LOS ANGELES, CA – The LA Times reports that 16 patients were infected by dangerous bacteria from medical scopes at Huntington Hospital from January 2013 to August 2015, including 11 who have now died.
The report stated that many of those patients were already severely ill, including some with cancer. Health officials said that only one of the 11 death certificates listed the bacteria as the cause. It was not clear if infection was a factor in any of the other deaths.
The hospital had previously said just three patients were infected in the outbreak that officials said was limited to the middle of 2015.
The patient infections were detailed in the Pasadena Public Health Department’s investigation into the outbreak. The report blamed both the design of the scope and the hospital for lapses in infection control.
Pasadena health officials said they had found no additional scope-related infections since the start of their investigation on Aug. 19.
The investigation said that Huntington doctors had started doing their own review of possible infections in July after finding three patients sickened with drug-resistant Pseudomonas aeruginosa.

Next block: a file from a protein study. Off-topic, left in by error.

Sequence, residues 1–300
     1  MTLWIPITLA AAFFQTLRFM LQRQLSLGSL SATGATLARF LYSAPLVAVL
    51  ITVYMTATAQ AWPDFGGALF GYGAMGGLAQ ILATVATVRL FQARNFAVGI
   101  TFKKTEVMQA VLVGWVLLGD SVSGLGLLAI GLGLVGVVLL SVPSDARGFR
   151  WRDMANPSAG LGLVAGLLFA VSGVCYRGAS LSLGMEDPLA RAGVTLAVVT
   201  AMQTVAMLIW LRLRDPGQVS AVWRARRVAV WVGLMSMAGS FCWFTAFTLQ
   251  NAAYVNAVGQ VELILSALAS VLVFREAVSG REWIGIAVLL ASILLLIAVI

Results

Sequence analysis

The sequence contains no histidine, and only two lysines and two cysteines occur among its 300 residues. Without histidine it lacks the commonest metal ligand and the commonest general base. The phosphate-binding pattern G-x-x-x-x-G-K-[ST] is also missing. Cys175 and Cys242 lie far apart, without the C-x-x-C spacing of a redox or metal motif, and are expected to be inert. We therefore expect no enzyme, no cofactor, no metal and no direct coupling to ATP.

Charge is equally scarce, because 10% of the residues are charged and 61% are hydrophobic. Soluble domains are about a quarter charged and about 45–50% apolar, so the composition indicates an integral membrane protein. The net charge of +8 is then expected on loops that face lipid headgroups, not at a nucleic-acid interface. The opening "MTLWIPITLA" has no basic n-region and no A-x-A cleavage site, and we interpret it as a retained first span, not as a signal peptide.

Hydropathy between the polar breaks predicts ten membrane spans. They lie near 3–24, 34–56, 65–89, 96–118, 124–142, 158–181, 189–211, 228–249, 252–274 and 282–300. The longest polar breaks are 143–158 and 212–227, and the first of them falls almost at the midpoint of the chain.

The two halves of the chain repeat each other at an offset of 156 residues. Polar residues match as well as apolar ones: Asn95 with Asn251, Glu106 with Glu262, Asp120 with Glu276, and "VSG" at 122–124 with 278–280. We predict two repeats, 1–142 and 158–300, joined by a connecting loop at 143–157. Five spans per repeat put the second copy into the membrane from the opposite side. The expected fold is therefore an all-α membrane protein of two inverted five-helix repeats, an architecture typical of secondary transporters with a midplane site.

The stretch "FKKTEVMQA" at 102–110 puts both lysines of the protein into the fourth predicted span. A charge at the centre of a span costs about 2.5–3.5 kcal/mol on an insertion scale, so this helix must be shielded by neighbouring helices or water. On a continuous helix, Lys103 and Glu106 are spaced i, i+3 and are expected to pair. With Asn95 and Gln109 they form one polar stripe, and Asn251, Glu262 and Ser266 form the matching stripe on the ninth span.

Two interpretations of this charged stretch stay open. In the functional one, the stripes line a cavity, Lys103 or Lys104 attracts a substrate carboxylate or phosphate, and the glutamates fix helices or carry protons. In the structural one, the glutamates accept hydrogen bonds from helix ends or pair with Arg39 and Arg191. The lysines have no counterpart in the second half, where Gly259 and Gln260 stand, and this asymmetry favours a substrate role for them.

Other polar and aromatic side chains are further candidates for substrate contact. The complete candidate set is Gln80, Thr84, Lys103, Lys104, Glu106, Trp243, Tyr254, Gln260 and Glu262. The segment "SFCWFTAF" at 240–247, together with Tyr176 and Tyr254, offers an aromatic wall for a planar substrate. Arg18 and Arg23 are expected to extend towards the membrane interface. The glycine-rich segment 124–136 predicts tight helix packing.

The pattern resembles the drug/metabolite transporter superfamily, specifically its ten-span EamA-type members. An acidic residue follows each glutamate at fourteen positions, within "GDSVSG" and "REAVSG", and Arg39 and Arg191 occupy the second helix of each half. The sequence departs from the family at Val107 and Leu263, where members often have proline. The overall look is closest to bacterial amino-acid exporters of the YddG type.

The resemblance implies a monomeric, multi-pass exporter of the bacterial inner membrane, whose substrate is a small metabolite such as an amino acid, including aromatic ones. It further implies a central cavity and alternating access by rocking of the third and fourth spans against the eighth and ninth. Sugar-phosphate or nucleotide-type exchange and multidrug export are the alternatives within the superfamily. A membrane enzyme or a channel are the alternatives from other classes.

The hospital staff had identified as many as 35 cases of possible infections, which they had been evaluating before Pasadena officials arrived on Aug. 20 in an unannounced site investigation. The health officials concluded that 15 of these cases were linked to procedures the patients had with an Olympus scope.
Huntington doctors told health officials on May 23 that they were now notifying all patients who had been treated with the scopes since January 2013 about the possibility of infections.
In January, Olympus recalled one model of its reusable duodenoscopes because of the possibility that it could transfer bacteria between patients. That model was linked to two other Southern California outbreaks at UCLA Ronald Reagan Medical Center and Cedars-Sinai Medical Center.
The Times also reported on Dec 19, 2015 how Olympus kept US hospitals in the dark about deadly infections. Olympus controls 85% of the U.S. market for gastrointestinal scopes.
U.S. prosecutors and congressional investigators are looking into how Olympus and two smaller scope manufacturers responded to the superbug outbreaks.